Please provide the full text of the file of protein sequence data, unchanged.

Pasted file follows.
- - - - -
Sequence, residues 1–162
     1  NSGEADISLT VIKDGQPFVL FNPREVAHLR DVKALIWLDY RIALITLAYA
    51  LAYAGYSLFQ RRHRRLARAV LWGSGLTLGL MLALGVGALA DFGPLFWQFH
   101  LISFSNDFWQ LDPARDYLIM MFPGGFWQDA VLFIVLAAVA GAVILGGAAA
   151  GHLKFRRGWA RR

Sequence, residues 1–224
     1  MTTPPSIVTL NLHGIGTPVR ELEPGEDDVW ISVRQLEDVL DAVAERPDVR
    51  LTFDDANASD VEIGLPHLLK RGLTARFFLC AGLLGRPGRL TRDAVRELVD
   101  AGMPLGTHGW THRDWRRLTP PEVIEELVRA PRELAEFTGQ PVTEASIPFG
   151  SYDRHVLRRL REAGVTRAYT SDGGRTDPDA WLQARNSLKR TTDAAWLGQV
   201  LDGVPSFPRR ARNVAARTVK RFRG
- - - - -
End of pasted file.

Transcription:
Sequence, residues 1–162
     1  NSGEADISLT VIKDGQPFVL FNPREVAHLR DVKALIWLDY RIALITLAYA
    51  LAYAGYSLFQ RRHRRLARAV LWGSGLTLGL MLALGVGALA DFGPLFWQFH
   101  LISFSNDFWQ LDPARDYLIM MFPGGFWQDA VLFIVLAAVA GAVILGGAAA
   151  GHLKFRRGWA RR

Sequence, residues 1–224
     1  MTTPPSIVTL NLHGIGTPVR ELEPGEDDVW ISVRQLEDVL DAVAERPDVR
    51  LTFDDANASD VEIGLPHLLK RGLTARFFLC AGLLGRPGRL TRDAVRELVD
   101  AGMPLGTHGW THRDWRRLTP PEVIEELVRA PRELAEFTGQ PVTEASIPFG
   151  SYDRHVLRRL REAGVTRAYT SDGGRTDPDA WLQARNSLKR TTDAAWLGQV
   201  LDGVPSFPRR ARNVAARTVK RFRG